As magpies live in larger herds, intelligence improves and fertility increases


Magpie, Hue GlassRecent studies have revealed that the power of the brain improves when living in a large flock.

Cognitive performance is linked to group size and affects fitness in Australian magpies | Nature

Magpies' brain power may be boosted by living in larger groups - Science News - ABC News

As we are investigating the cognitive ability of Magpie Glasses living in Perth, Australia, we found that "Magpie Hue glass is smarter for living in larger herds." This research is published in the science journal Nature, and it is said that by increasing the size of herds and living in complex social groups, the magpie's Hue glass's intelligence is also affected.

Dr. Ben Ashton of the University of Western Australia who is the author of the article said, "If the number of herds gets bigger, not only will we have to remember individual individuals, but also how we have to act and how we should act I will have to remember what I should not do, "he says, which means that the greater the number of herds the better the brain's power.


Magpie Fly Glass is a bird that can live in the same place for several years if conditions are met, and the group often has multiple households living together, there are also cases where the clan is forming a flock in exactly the same family is. Dr. Ashton's research team studied about such a magpie glass investigated a group of inhabitants in Guildford suburbs of Australia for three years. The flock of magpie's hue glass which was the subject of the study seemed to ranged from three small herds to twelve large flocks, and attached a color ring to the legs to distinguish them.

The research team conducted four tests on 56 adult birds among magpies belonging to these herds. Among the tests are the spatial memory tasks that the magpie has to hunt out the mozzarella cheese mass hidden in the eight partitions and the test that must take out the food from the transparent tube It contains. These tests test how much magpie Hue glass has the ability to control behavior, "Stop pinching beakers in the tube unnecessarily and procure food from either opening" You have to learn that.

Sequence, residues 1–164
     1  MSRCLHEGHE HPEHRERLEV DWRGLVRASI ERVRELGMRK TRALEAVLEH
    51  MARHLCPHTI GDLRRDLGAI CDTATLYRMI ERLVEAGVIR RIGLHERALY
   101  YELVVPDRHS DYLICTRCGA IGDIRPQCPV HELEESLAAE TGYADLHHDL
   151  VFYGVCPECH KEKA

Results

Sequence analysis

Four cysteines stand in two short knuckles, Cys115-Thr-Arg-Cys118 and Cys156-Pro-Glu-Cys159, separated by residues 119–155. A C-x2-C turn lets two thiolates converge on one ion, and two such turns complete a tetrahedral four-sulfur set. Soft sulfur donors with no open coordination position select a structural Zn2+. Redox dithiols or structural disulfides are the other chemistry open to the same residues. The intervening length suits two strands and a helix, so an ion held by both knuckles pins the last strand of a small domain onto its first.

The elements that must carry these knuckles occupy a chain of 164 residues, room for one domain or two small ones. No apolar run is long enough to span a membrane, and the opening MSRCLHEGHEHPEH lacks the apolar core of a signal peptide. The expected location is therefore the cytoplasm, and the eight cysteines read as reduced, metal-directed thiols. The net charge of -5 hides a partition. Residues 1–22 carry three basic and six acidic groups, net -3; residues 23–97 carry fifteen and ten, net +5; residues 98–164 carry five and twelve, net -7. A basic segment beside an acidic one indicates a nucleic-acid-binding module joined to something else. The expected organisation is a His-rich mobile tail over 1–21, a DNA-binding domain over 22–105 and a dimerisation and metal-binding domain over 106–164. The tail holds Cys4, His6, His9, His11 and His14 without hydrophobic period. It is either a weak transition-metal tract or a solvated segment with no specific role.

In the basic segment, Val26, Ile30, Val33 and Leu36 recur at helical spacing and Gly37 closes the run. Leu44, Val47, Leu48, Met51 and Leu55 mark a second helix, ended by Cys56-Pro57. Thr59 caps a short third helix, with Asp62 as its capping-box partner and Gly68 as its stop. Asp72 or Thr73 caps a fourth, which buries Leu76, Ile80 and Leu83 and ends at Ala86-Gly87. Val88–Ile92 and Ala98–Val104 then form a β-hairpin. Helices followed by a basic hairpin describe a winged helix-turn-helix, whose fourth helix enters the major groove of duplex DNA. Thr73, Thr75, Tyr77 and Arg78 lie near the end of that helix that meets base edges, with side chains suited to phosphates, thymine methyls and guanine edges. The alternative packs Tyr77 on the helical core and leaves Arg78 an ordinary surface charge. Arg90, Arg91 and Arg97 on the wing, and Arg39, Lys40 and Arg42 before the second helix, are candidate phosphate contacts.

As a result of this test, it was revealed that magpie magazine living in a large flock consistently achieved better results than individuals living in a few herds. According to Dr. Ashton, "There was no significant difference in the recognition ability of individuals in a small group". The relationship between "cognitive ability" and "scale of flock" was expected before the test, but the result was surprising.

Also, in order to investigate at which stage the intelligence of the magpie glass changes greatly, the research team is also testing 21 young birds every 100 days. At the youngest time when the test was conducted, it seems that there was no difference in the intelligence of young birds on the scale of the herds, but it was confirmed that after 200 days big differences in young bird intelligence began to occur. About this result Dr. Ashton commented, "This result is not purely genetic, it seems that there are some environmental factors."

In addition, it has also been found that female mackerel Hue glass with high intelligence produces high breeding results, but the reason is unknown. About this, Dr. Ashton said, "It may be because smart female magpies Hue glass is more successful breeding because it is better at protecting chicks and babies, or smart female birds more There is also the possibility that the chicks feed the high quality food. "

byCharles Haynes

Dr. Ashton's research team insists that an increase in communication in the group contributes to the development of brain networks and cognitive abilities, but Dr. Gisela Kaplan, a specialist of magpie glass and other research They insist that "when an animal collectively acts, it is not necessary to have high intelligence." In other words, in animals in general, it is thought that not necessarily "animals taking a lot of communication with large herds have higher intelligence".

Dr. Kapton said that the magpie's Hue Glass that lives in a large herd has developed cognitive abilities to increase the stability of herds and it lives in the outskirts of Guildford where there is no change in living environment over the past three years We insist that we should test the intelligence of the less stable group, not the herd.

in Science,   Creature, Posted by logu_ii